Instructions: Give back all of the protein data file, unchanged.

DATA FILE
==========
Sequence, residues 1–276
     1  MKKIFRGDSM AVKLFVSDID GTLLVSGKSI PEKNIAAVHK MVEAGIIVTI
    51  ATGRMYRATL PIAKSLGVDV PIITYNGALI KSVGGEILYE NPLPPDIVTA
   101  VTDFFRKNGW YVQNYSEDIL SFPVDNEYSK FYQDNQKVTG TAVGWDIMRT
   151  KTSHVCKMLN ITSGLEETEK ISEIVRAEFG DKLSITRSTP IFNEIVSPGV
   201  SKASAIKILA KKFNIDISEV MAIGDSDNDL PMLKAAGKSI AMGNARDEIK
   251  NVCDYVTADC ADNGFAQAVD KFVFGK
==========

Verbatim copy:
Sequence, residues 1–276
     1  MKKIFRGDSM AVKLFVSDID GTLLVSGKSI PEKNIAAVHK MVEAGIIVTI
    51  ATGRMYRATL PIAKSLGVDV PIITYNGALI KSVGGEILYE NPLPPDIVTA
   101  VTDFFRKNGW YVQNYSEDIL SFPVDNEYSK FYQDNQKVTG TAVGWDIMRT
   151  KTSHVCKMLN ITSGLEETEK ISEIVRAEFG DKLSITRSTP IFNEIVSPGV
   201  SKASAIKILA KKFNIDISEV MAIGDSDNDL PMLKAAGKSI AMGNARDEIK
   251  NVCDYVTADC ADNGFAQAVD KFVFGK